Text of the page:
Sheffield primary school opens its doors to help families who have nothing this festive season

A Sheffield primary school has opened its doors at Christmas to help those in its community who may otherwise struggle or go without this festive season.

Tuesday, 24th December 2019, 1:00 pm
Updated Tuesday, 24th December 2019, 1:10 pm

Mansel Primary School invited some of the most vulnerable families living in the surrounding area to its first ever ‘Christmas Eve Eve’ event on Monday, December 23, in the hope of spreading the festive cheer.

Billed as the ultimate Christmas experience, during the day the children and their families were treated to a warm Christmas dinner served by the school’s catering staff as well as Christmas baking sessions with Mrs Claus and a fun-filled disco.

Every child was also given the opportunity to visit Santa and unwrap one of the many gifts donated by businesses and other schools.

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Christmas Eve Eve party at Mansel Primary School. Aleema Shaffi and Alysha Bromley decorate christmas biscuits with Mrs Claus.

Headteacher Emily Matthews said: “As a school community we have very high levels of deprivation and, year upon year, it feels like the situation is getting worse. Last Christmas it became very apparent that a lot of our children were struggling around Christmas time. I think Christmas time is a very expensive time, you can’t get out and have a free picnic or free play in the park - everything costs.

“So, when the children came back to school after the Christmas holidays some of the tales that they told us really put into perspective the need our families have. We just felt we could meet that need a little bit.”

Mansel Primary is situated in the north of Sheffield on an estate in Parson Cross - an area which is among the most deprived in the city according to data collected from the Index of Multiple Deprivation (IMD) which was most recently updated in September 2019.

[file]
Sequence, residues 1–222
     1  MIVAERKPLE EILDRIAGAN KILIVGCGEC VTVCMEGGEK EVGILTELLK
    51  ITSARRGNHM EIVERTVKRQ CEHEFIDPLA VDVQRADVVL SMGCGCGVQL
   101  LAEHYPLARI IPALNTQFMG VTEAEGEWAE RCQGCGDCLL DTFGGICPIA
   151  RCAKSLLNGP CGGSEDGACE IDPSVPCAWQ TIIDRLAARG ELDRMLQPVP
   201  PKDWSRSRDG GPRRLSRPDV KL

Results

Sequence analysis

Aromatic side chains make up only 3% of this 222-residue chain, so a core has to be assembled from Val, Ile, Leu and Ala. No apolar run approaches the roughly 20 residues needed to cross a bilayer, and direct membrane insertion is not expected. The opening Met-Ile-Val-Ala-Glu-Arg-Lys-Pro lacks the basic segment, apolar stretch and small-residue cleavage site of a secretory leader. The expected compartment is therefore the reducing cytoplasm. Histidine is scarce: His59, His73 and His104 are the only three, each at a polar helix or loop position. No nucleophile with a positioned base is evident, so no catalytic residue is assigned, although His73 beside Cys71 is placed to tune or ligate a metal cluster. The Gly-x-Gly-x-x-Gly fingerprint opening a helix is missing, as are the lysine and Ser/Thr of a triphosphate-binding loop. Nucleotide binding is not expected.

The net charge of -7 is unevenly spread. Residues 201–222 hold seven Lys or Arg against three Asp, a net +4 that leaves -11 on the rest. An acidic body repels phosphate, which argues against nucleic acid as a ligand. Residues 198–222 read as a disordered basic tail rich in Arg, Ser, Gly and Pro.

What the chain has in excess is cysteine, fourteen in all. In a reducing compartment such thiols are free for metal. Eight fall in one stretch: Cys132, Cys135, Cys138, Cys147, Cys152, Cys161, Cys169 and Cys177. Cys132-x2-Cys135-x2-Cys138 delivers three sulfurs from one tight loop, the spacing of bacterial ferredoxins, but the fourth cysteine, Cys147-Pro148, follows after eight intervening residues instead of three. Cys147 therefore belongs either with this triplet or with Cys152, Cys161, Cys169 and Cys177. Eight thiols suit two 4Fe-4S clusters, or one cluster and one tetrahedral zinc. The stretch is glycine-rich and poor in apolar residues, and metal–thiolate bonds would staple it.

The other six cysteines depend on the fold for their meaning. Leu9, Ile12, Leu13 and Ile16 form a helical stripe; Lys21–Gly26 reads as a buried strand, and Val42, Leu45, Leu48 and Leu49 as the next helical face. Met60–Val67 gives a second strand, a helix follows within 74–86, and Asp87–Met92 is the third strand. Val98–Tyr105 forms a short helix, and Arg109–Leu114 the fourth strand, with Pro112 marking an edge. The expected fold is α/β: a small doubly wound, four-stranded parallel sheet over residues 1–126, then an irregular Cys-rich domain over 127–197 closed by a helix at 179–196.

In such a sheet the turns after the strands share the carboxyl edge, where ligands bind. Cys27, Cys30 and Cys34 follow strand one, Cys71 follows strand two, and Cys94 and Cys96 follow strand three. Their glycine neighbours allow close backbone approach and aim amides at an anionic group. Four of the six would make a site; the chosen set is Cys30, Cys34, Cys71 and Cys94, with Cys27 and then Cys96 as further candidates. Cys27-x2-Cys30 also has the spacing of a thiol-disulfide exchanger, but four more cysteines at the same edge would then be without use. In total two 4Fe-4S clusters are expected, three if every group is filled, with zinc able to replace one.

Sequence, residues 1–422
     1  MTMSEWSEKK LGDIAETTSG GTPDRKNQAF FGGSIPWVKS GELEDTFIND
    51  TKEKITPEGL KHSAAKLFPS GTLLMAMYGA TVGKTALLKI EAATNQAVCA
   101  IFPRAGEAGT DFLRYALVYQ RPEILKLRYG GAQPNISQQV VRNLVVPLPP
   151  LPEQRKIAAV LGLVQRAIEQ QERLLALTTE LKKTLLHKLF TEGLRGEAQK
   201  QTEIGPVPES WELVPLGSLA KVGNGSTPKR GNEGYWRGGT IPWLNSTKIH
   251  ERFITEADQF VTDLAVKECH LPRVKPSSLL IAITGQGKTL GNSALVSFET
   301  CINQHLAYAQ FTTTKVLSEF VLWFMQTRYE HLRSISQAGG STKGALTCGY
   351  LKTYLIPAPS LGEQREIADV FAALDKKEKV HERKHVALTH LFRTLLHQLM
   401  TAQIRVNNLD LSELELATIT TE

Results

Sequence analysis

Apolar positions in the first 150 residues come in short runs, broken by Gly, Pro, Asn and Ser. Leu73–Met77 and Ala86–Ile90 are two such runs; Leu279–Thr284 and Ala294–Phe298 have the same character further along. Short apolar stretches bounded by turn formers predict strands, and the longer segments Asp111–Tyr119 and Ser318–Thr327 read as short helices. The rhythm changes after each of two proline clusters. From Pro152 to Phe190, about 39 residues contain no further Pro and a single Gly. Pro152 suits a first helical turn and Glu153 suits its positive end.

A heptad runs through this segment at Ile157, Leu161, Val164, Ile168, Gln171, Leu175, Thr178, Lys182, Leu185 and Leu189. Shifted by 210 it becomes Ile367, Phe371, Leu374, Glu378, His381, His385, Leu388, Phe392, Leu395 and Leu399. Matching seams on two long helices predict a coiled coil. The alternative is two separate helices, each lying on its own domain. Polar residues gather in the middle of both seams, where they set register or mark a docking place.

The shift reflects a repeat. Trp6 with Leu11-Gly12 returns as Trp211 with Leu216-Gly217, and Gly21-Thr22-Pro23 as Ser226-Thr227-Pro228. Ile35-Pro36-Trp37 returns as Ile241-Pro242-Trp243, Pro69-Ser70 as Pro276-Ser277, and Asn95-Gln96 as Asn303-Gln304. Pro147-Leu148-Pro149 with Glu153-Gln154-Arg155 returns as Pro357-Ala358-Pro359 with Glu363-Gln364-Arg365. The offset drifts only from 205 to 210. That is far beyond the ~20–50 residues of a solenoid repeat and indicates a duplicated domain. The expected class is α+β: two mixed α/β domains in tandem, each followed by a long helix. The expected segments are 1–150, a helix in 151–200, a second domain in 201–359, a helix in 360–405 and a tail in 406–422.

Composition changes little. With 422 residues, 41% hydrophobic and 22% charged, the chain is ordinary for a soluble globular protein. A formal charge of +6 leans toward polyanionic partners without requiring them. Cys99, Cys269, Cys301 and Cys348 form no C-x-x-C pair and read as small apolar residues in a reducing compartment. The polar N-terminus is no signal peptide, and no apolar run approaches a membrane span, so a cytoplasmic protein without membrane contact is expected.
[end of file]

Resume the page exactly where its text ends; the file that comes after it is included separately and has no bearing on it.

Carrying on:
Meanwhile across the UK, the number of children living in low-income households and suffering severe material deprivation has increased to nearly one in eight, according to official statistics from the Department for Work and Pensions for 2017-18.

Cheryl Wilks, Teresa Yates and Bijal Mistry help out with the food at the Mansel Primary Christmas Eve Eve party

This finding is based on a survey of whether households can afford things such as a warm winter coat, celebrations on special occasions, and separate bedrooms for children of different genders over the age of ten.

“Our staff have been amazing,” Ms. Matthews added. “We’ve got a team of about 50 staff here, none of them are being paid they’ve all donated their time free of charge and to do that the day before Christmas Eve is really something.

“The day has been great, the children seem very happy and overwhelmed I think. We've had lots of positive feedback from parents on the door just saying thank you for doing this. We're hoping it’s just a relief for our parents because we’re doing it so that they don’t necessarily have to spend as much as they may have felt they had to.”

Daisy Parker-Barrett, whose daughter Honor is in Reception and son Hugo is in Year 2 at Mansel Primary, said: “I think it’s brilliant, the kids seem to really enjoy it as well. I just think it’s such a great idea because there are a lot of kids that aren’t as fortunate as others.”

Mansel Primary pupil Billy Wright visits Santa Claus at the Christmas Eve Eve party

Nearby schools such as Yewlands Academy joined both Sheffield Wednesday and Sheffield United to donate gifts with food being kindly donated by the school catering suppliers free of charge.

Christmas Eve Eve party at Mansell Primary School. Ava Wagland and mum Emma decorate Christmas baubles.